Mind-Body and Psychosocial Interventions May Similarly Affect Heart Rate Variability Patterns in Cancer Recovery: Implications for a Mechanism of Symptom Improvement

Author: Linda Larkey1, Wonsun Kim1, Dara James1, Moé Kishida1, Maricarmen Vizcaino2, Jennifer Huberty2, Narayanan Krishnamurthi1
Author Information:
1 Edson College of Nursing and Health Innovation, Arizona State University, Phoenix, AZ, USA.
2 College of Health Solutions, Arizona State University, Phoenix, AZ, USA.

Conference/Journal: Integr Cancer Ther
Date published: Jan-Dec 2020
Other: Volume ID: 19 , Pages: 1534735420949677 , Special Notes: doi: 10.1177/1534735420949677. , Word Count: 259


Background:
Advancements in early detection and treatment of cancer have led to increased survival rates and greater need to identify effective supportive care options for resolving symptoms of survivorship. Many non-pharmacological approaches to symptom management during and after cancer treatment involve emotional self-regulation as a central strategy for improving well-being. Identifying commonalities among these strategies' mechanisms of action may facilitate understanding of what might be useful for optimizing intervention effects. Heart rate variability (HRV) parameters are indicative of improved autonomic nervous system (ANS) balance and resiliency and reduced emotional distress and are thus identified as a mechanism to discuss as a marker of potential for intervention efficacy and a target for optimization.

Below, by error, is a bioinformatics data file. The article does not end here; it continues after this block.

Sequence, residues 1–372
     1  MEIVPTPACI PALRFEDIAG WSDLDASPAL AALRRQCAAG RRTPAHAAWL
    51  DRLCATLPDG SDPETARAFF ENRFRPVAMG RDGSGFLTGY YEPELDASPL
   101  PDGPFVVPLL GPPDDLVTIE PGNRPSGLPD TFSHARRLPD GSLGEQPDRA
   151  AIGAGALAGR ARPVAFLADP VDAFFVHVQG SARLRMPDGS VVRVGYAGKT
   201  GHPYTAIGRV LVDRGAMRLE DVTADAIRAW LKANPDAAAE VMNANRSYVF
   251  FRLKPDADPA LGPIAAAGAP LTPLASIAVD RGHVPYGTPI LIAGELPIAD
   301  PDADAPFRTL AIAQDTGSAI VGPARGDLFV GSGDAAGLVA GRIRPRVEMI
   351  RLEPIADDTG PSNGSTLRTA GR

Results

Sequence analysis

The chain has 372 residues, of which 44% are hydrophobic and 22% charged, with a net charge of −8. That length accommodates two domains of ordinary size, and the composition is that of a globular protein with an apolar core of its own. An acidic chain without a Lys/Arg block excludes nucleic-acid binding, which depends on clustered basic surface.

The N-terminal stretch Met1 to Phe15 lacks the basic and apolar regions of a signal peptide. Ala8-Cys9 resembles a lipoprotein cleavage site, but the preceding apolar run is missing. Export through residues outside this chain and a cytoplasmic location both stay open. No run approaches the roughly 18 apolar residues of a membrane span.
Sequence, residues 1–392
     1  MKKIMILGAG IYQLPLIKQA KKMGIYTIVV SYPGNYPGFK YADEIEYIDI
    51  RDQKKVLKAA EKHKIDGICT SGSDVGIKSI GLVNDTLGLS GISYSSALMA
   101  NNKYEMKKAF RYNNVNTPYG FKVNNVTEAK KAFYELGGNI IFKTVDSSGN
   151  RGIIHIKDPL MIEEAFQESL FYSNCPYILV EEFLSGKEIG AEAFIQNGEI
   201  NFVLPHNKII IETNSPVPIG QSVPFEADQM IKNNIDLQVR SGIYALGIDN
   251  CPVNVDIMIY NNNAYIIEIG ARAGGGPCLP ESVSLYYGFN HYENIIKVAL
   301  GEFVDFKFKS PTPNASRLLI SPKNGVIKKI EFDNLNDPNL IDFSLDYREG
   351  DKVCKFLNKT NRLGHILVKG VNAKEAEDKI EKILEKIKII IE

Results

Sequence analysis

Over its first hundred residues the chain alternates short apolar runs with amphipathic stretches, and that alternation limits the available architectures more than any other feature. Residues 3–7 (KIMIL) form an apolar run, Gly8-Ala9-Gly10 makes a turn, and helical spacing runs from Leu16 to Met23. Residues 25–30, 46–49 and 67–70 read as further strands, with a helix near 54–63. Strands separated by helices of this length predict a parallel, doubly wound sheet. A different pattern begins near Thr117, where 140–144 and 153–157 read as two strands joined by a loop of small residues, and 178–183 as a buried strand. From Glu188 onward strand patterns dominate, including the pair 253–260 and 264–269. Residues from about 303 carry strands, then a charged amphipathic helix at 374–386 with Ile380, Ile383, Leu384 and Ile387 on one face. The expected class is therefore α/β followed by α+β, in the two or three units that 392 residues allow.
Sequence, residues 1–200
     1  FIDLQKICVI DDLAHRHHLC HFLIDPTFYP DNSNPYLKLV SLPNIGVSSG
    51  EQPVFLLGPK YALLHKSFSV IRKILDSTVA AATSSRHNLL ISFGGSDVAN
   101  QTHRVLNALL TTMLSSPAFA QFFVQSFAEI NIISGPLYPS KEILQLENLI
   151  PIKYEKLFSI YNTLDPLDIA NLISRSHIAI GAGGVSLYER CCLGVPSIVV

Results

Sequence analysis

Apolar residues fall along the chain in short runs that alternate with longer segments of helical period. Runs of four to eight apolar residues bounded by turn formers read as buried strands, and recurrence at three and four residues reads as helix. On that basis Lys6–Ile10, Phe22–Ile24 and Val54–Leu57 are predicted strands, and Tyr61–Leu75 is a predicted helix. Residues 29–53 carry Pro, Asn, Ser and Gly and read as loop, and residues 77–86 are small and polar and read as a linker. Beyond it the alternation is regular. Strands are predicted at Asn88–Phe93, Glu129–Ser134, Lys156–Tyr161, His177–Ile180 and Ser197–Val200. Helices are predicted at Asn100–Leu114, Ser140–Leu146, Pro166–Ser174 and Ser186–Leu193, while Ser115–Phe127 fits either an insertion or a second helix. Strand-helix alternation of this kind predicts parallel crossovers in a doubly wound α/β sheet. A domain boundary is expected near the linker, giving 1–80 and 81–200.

Methods:
HRV data from 2 studies, 1 examining a mind-body intervention and 1 examining a psychosocial intervention, are presented as a point of discussion about preliminary associations between the interventions, change in HRV, and emotional distress reduction.

Results:
HRV significantly decreased in sympathetic activity in response to a mind-body intervention (Qigong/Tai Chi), and increased vagal tone in response to a psychosocial (storytelling) intervention. In both, these changes in HRV parameters were associated with improved emotional states.

Conclusion:
Our preliminary data suggest that HRV may serve as an important marker of underlying changes that mediate emotional regulation; this observation deserves further investigation. If identified as a worthy target, focusing on interventions that improve HRV within the context of interventions for cancer patients may be important to key outcomes and clinical practice.

Keywords: Qigong; Tai Chi Easy; cancer supportive care; cancer survivorship; heart rate variability; mind-body; psychosocial intervention; storytelling.

PMID: 32783546 DOI: 10.1177/1534735420949677

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